States region is heavily dependent on a few major institutions
for federal funding rather than a broad base of researchers
competing nationally for their R&D finding. Almost 83 percent
of the region's federal funds come from just two federal agencies,
DOD and NASA, and their prospects for FY 2000 funding levels
appear to be trending downward. A somewhat higher proportion
of federal funding goes to industry (53 percent) compared
with the national average of 45 percent. A somewhat lower
proportion goes to universities and colleges (13.9 percent)
compared with the national average of 18 percent.
community, however, can boast some strengths. The Gulf States
region is home to several major universities that receive
over half of their R&D funding from various federal agencies.
Almost 8 percent of the total USDA R&D portfolio went to academic
institutions in the region, and almost 6 percent of NASA's
R&D supports research at universities and colleges in the
region. Most importantly, the academic institutions in the
Gulf States region have captured a significant amount of funding
support from their own states. Almost 6 percent of total R&D
expenditures to universities and colleges in the region came
from state and local governments, a higher percentage than
outlook for federal funding for R&D is dependent on political
and economic factors that do not directly relate to research.
In the FY 1999 budget process, R&D funding grew 4.5 percent
above FY 1998 and support for almost every major R&D agency
received significant increases. The President's budget for
FY 2000, however, is constrained by a cap on discretionary
spending put into place two years ago. Despite the fact that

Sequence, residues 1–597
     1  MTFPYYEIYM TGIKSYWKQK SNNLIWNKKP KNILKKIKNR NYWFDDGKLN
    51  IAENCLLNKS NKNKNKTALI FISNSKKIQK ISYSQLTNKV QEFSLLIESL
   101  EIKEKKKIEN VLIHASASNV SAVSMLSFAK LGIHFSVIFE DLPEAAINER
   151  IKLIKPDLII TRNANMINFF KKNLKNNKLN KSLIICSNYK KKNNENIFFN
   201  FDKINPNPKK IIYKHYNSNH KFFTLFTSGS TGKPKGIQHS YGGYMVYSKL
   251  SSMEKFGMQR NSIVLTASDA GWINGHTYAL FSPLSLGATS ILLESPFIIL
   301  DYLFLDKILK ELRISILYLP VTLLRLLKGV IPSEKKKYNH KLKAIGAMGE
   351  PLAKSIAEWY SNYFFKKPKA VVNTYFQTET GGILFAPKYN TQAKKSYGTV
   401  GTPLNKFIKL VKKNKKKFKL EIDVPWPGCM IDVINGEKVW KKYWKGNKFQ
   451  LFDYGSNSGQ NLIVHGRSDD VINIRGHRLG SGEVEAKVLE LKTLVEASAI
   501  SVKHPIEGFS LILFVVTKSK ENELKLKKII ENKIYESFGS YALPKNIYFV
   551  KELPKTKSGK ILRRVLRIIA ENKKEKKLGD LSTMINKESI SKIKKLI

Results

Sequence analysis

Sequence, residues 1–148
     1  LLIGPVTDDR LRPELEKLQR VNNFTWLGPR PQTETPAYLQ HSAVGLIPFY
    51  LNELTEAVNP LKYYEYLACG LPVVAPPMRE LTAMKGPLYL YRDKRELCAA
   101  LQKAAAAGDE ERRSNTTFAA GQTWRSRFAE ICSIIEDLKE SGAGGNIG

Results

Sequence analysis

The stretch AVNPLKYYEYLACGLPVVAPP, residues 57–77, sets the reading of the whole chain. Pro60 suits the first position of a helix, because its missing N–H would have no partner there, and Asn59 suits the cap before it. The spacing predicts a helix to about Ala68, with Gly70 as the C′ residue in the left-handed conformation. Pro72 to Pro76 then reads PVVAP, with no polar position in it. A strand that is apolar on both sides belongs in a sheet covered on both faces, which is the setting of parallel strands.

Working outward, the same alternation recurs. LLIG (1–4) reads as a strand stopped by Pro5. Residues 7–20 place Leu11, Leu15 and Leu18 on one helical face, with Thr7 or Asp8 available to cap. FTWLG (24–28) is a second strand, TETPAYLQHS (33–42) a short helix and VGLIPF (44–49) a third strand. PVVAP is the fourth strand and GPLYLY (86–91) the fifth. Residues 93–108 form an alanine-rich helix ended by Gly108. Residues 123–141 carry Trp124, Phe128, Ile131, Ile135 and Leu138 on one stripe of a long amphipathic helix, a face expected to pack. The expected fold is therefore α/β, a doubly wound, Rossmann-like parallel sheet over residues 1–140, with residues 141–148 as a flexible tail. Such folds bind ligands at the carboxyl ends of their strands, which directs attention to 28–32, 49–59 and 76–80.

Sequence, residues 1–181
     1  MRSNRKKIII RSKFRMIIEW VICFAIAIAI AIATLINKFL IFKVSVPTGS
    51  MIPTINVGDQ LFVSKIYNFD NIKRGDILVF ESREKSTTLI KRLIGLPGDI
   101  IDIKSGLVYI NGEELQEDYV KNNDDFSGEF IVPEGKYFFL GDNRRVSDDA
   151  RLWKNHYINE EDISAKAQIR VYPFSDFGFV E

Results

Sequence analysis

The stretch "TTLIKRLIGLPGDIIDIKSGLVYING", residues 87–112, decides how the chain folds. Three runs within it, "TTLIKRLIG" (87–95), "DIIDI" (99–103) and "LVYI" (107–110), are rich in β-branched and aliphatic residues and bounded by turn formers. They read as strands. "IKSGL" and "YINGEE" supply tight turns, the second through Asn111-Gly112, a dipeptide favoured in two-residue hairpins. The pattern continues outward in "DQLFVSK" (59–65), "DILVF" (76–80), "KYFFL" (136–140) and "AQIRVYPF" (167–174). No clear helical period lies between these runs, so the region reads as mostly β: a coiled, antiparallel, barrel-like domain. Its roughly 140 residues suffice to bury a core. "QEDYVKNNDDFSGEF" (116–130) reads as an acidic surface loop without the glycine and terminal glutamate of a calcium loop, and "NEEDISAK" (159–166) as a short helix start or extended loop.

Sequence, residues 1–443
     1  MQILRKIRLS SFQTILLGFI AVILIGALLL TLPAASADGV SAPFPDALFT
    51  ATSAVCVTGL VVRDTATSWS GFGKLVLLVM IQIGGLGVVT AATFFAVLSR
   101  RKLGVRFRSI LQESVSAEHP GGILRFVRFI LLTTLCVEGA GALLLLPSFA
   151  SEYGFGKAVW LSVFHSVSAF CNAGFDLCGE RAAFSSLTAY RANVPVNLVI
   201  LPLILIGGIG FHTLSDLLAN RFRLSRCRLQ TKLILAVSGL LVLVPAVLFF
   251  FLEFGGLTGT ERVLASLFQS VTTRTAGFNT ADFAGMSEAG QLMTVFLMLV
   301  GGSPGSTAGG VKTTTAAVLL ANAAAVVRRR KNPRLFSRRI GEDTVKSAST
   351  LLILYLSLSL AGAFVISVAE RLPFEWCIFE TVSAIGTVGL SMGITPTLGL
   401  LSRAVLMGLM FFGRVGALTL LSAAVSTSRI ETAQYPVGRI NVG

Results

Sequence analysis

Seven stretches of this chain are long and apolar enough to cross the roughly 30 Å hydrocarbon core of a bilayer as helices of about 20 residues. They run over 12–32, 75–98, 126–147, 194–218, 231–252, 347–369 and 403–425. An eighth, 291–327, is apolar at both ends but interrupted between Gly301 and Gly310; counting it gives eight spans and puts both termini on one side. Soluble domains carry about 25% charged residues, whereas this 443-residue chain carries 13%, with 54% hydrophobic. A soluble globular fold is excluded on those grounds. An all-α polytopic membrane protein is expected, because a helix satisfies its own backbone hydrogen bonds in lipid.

the government is forecasting significant surpluses well into
the future, the caps remain in place in the concurrent budget
resolution passed by Congress.
the Administration's FY 2000 budget request, the two federal
agencies that the Gulf States region relies upon most heavily,
namely DOD and NASA, are expected to decline. The FY 2000
budget request for DOD is 7.7 percent below FY 1999 levels.
Nearly all DOD support for R&D at colleges and universities
comes from its Science and Technology accounts (6.1-6.3) which
is expected to decline 5.2 percent. Industrial firms rely
on DOD's R&D accounts (6-4-6.7) for funding research, which
is expected to decline 8.1 percent in FY 2000. NASA's R&D
funding request for FY 2000 called for a 0.6 percent increase,
which is below the expected rate of inflation.
the outlook from the congressional perspective is not much
brighter. The concurrent budget resolution accords lower priority
for discretionary programs, including federal R&D. The budgetary
increases of the past two years passed by Congress have raised
hopes in the research community. Nevertheless, the caps on
discretionary spending and the debates about using the surplus
for Social Security versus tax reduction will take priority.
Hence, federal funding for R&D, whether to support research
conducted in government laboratories, industry, or academic
institutions, faces an uphill battle.
clear that the new era of budget surpluses is far from a dawning
golden age for federal investments in R&D. There are many
claims to the surplus, and more importantly there are restrictive
caps. The good news for federal R&D is that projections are
not the same as predictions. As we have witnessed in recent
years, expectations and plans for the future can change significantly
as economic conditions improve, and estimates of the deficit
or surplus change.
respect to the Gulf States, the outlook for the federal budget
may not appear to be very bright. The region is heavily wedded
to DOD and NASA for federal funds, one of the region's weaknesses.
This is sobering news for the government laboratories and
industrial firms in the region that rely on a significant
amount of support from these agencies. The universities and
colleges too may find their research programs threatened by
this dependence. Fortunately, the region's university research
system has built strong ties with other agencies, notably
HHS and USDA. In addition to its research diversification,
the academic institutions in the Gulf States have developed
state initiatives to bridge ties between academia, industry,
and state governments. Developing partnerships between industry
and academia, or federal and state governments may lessen
the blow of decreasing federal dollars for R&D.